September 1st, 2006
Basketball Preview: Notre Dame
The Irish lost quite a bit from last year's
team. Chris Quinn was an iron man for ND. He averaged 17.7 ppg on 45%
shooting overall, including 42% on treys, and 6.4 apg with an impressive
assist-to-turnover ratio of 2.4/1.0. He is going to be very difficult to
They also lost their leading rebounder in
Torin Francis (9.4 rpg) who also averaged 11.6 ppg on 50% shooting. As much
as many Notre Dame fans viewed Francis as an underachiever, 9.4 rpg
qualified him as one of the elite rebounders in the conference.
Coach Mike Brey also lost a solid frontcourt
reserve in Rick Cornett, who averaged 5.4 ppg and 3.6 rpg in a little over
13 mpg. Plus, he was an aggressive, effective defender.
Overall, the Irish lost about 35 ppg and nearly 17 rpg from last year's
team. Still, there's quite a bit of talent left over.
CHN has learned that guard Colin Falls, one of the best outside
shooters in the conference, is listed on the team’s roster and will play
this year. Falls shot 39.7% on trey attempts for the season, though that's
about all he did offensively. He took nearly four times as many three-point
shots (257) as he did shots inside the arc (66), and he made only 27
two-point baskets in 30 games. He also averaged a paltry 1.7 apg in 35.2
mpg. Falls got a lot of his shots last year because of Quinn's abilities to
shoot and pass. Opposing teams had to focus on containing Quinn, and because
he was such a good passer, Falls was often the beneficiary of open looks.
Since Falls has difficulty creating his own shot, the question is whether
anyone else on this year’s team can help him get open looks.
Sophomore Kyle McAlarney may be able to do just that. He had a
respectable freshman season, averaging 6.6 ppg in 22.4 mpg, but, more
importantly, he showed improvement as the season progressed. Two stats that
stand out are his 43% shooting from behind the arc and his
assist-to-turnover ratio of 1.5/1.0. He won't make Irish fans forget Quinn,
but before he graduates, he'll have a very nice career. If Brey opts to go
with three guards, which is likely, McAlarney will share the point guard
duties with freshman Tory Jackson and play alongside Jackson and Falls, at
The best player on this year's team is Russell Carter. He averaged
11.5 ppg and 5.1 rpg last season, but his stats don't tell the whole story.
He's quick, athletic, and strong. He can put the ball on the floor and
drive, he can post up, and he can hit the outside shot (41% on treys last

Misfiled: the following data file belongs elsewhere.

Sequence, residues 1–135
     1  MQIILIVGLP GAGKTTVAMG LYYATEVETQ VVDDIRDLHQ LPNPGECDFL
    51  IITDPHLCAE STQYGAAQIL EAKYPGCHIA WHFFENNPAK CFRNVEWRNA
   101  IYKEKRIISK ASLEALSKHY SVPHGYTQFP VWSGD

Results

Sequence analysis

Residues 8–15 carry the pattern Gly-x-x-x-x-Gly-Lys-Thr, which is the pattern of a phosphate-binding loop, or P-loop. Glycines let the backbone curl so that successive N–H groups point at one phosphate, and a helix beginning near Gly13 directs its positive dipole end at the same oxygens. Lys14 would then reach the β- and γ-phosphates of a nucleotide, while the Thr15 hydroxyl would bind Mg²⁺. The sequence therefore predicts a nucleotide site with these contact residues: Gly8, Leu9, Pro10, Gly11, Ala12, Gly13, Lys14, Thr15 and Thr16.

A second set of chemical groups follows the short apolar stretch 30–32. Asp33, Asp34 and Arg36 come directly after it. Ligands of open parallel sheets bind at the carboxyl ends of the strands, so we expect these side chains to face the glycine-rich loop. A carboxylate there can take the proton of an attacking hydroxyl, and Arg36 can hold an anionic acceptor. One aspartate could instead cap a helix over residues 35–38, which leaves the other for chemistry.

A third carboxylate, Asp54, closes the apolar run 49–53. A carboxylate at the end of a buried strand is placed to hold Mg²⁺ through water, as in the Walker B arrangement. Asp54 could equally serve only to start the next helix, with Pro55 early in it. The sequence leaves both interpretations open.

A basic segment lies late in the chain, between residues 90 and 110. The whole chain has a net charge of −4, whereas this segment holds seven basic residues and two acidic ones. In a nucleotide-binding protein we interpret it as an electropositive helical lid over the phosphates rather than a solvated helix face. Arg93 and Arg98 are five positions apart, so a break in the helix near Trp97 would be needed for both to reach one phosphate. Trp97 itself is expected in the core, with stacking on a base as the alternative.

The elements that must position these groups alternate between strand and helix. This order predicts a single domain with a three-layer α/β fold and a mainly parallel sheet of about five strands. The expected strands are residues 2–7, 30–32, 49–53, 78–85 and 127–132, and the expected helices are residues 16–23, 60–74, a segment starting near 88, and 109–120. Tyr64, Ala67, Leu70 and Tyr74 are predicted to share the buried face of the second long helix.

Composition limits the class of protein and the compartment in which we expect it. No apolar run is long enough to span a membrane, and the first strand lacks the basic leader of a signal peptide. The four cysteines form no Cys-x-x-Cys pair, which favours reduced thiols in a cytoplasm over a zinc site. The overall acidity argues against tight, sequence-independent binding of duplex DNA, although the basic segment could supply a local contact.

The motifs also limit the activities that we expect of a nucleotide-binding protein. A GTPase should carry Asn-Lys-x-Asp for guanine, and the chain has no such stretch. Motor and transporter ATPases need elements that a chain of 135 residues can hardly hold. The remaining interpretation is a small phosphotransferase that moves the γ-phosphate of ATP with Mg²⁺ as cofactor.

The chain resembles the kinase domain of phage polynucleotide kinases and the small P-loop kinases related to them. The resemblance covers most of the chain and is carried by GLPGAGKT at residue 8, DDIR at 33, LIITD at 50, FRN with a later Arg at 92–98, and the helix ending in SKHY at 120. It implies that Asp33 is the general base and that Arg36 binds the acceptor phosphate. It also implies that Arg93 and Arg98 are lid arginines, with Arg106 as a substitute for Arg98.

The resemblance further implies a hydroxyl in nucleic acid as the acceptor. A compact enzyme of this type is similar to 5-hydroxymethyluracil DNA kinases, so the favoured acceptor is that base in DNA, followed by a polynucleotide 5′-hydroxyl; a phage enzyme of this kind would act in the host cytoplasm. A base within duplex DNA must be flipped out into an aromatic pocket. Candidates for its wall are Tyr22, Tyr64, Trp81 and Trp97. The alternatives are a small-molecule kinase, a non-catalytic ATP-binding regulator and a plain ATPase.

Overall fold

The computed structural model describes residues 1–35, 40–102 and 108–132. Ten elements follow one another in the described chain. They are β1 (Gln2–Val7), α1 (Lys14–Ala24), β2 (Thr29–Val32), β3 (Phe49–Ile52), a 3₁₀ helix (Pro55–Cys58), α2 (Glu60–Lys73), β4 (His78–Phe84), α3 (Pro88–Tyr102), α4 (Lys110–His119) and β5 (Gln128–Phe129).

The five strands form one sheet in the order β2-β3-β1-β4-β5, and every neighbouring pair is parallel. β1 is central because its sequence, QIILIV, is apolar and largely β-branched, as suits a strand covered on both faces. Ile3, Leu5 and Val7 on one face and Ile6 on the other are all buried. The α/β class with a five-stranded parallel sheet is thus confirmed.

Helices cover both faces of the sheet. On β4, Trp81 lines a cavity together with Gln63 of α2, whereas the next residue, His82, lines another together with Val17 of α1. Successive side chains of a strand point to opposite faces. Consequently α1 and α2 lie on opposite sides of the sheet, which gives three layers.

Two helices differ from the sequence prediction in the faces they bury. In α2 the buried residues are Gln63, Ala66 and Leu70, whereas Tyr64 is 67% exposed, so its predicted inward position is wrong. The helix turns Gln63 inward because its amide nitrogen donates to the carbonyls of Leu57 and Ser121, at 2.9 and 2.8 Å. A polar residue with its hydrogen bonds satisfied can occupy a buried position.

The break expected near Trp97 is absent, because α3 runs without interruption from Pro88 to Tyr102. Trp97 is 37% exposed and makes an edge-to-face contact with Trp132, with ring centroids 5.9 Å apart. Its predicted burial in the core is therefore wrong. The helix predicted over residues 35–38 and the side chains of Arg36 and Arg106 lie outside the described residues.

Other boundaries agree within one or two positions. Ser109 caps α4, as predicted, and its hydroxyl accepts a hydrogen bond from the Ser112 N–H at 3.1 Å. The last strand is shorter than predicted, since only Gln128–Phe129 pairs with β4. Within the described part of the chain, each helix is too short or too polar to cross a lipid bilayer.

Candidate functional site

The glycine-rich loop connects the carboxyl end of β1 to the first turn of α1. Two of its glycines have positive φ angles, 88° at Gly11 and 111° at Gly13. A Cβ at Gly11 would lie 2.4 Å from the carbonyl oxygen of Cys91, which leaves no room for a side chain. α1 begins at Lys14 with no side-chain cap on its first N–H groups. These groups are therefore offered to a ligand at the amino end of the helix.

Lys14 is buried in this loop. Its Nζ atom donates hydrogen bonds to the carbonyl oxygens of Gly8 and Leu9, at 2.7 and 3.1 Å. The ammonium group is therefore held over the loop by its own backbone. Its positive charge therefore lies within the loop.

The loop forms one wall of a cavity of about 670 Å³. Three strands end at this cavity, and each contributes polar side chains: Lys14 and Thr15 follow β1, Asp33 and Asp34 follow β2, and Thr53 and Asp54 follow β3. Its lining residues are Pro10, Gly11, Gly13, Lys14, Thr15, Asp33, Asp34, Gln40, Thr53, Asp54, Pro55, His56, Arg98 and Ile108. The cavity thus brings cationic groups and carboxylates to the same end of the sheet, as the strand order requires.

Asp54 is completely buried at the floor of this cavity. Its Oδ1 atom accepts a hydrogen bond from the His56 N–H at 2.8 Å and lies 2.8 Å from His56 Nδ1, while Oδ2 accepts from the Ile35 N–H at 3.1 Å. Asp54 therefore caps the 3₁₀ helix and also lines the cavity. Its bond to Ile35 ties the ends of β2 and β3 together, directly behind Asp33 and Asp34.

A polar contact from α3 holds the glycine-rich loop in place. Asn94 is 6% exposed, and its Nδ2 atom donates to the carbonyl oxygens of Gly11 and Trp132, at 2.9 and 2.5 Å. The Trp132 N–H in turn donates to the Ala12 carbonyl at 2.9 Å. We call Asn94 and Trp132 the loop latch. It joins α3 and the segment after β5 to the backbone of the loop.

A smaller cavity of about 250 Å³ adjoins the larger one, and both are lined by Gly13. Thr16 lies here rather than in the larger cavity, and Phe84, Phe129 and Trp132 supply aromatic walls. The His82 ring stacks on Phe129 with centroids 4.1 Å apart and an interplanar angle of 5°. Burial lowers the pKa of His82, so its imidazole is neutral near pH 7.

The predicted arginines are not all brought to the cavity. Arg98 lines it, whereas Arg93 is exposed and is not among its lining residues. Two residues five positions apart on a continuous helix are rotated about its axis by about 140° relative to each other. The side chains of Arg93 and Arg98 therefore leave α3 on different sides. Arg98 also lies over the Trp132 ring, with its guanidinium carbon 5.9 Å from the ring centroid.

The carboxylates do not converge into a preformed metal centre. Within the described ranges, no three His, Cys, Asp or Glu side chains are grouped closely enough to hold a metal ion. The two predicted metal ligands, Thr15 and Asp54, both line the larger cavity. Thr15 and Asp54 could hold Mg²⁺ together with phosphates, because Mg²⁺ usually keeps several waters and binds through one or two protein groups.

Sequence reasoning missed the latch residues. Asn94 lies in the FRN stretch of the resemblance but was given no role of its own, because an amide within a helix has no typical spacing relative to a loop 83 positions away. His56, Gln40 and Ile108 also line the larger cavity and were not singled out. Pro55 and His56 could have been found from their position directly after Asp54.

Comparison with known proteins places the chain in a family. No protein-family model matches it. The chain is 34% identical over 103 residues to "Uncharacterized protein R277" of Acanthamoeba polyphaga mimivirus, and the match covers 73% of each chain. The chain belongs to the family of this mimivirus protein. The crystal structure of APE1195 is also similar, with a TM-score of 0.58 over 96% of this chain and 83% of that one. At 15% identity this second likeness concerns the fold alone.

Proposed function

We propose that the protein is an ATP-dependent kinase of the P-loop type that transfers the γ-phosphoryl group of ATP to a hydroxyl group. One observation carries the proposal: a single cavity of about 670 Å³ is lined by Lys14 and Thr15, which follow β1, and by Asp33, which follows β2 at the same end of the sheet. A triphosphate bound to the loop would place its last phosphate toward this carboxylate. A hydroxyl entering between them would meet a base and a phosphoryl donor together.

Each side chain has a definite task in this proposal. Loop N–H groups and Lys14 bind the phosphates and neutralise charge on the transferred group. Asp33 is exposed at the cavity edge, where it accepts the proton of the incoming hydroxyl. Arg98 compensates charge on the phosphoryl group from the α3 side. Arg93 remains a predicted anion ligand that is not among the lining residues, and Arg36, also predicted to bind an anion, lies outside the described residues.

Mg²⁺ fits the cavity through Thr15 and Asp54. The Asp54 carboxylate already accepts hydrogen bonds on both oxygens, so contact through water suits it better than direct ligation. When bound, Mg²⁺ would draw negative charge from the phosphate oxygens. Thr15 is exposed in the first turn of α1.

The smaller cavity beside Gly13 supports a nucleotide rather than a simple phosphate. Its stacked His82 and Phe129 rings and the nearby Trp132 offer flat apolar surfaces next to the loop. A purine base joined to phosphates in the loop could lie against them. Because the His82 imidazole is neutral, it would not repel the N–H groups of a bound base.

Brey went with a four-guard lineup with Carter defending the 4 for a
good portion of the conference season last year, and he will likely do it
again. With Jackson at point and Falls and McAlarney on the wings, teams
will have to respect the perimeter shooting of the latter two. Carter
creates match-up problems for other 4s in the conference. If they don't
come out to guard him, he can drain the outside shot, and if they do, he can
beat them off the dribble. Carter improved as much as any other BE player
during the season last year. If he continues to improve, he could compete
for all-conference honors.
Jackson will give the Irish backcourt something it desperately needs -
quickness. He wasn't an RSCI Top 100 recruit, though two analysts included
him in their Top 100, while three others had him between 101 and 125. He
has the ability to beat his defender off the dribble and drive to the hole.
If he can do that against Big East point guards, he will be able to set up
Falls, McAlarney, and Carter for open jump shots. He also likes to push the
ball up the floor. With Carter running the floor at the 3 or the 4, and
McAlarney, who can play at either a fast or slow pace running on the wing,
Jackson can be effective in a transition game, especially if Falls spots up
behind the arc either on the initial break or as a trailer.
Brey and his staff face numerous questions up front. Junior Rob Kurz,
averaged 6.4 ppg and 5.1 rpg in 21.2 mpg. He's strong, and he can board in
traffic . Extrapolating his rebounding stats to 30 mpg, he'd average 7.6
rpg, which is definitely respectable. However, he has yet to prove he is a
reliable low-post scorer.
Sophomore Luke Zeller is also back, but he's not
an interior player. The former high school Player of the Year in Indiana,
Zeller likes to play on the perimeter despite being 6'11". By the end
of last year, he hardly saw the court. In fact, in his last nine games he
averaged only 4.1 mpg.
Then there's 6'7" Ryan Ayers, who played in
only four games in February. Furthermore, for the five games before the
Michigan NIT game, he averaged fewer than two mpg, then, surprisingly,
played 34 minutes against the Wolverines. Given that last-game turn-around,
it's hard to predict what his role will be this year.
As important as Tory Jackson’s development at point guard will be for
the Irish, a more critical key could be the play of fellow freshman, Luke Harangody, a 6'8" center/power forward. He's strong, and he can rebound,
especially on the defensive end, but he's not very quick, and he's not much
of a jumper. Still, he ranked #66 on RSCI and appeared on basically every
Top 100 list. Given the lack of depth up front, he has a decent chance to
earn quality minutes, and he could push for a starting position.
Last year, the Irish led the country in
close, heartbreaking, last-second losses. While those have a way of evening
out over time, it will take a lot of fortuitous circumstances for Notre Dame
to be in contention for an invitation to the Big Dance in 2006-2007.
Another NIT season is more likely, but that may not be enough to keep Irish
fans from calling for Brey’s ouster.
Predicted Finish: 12 of 16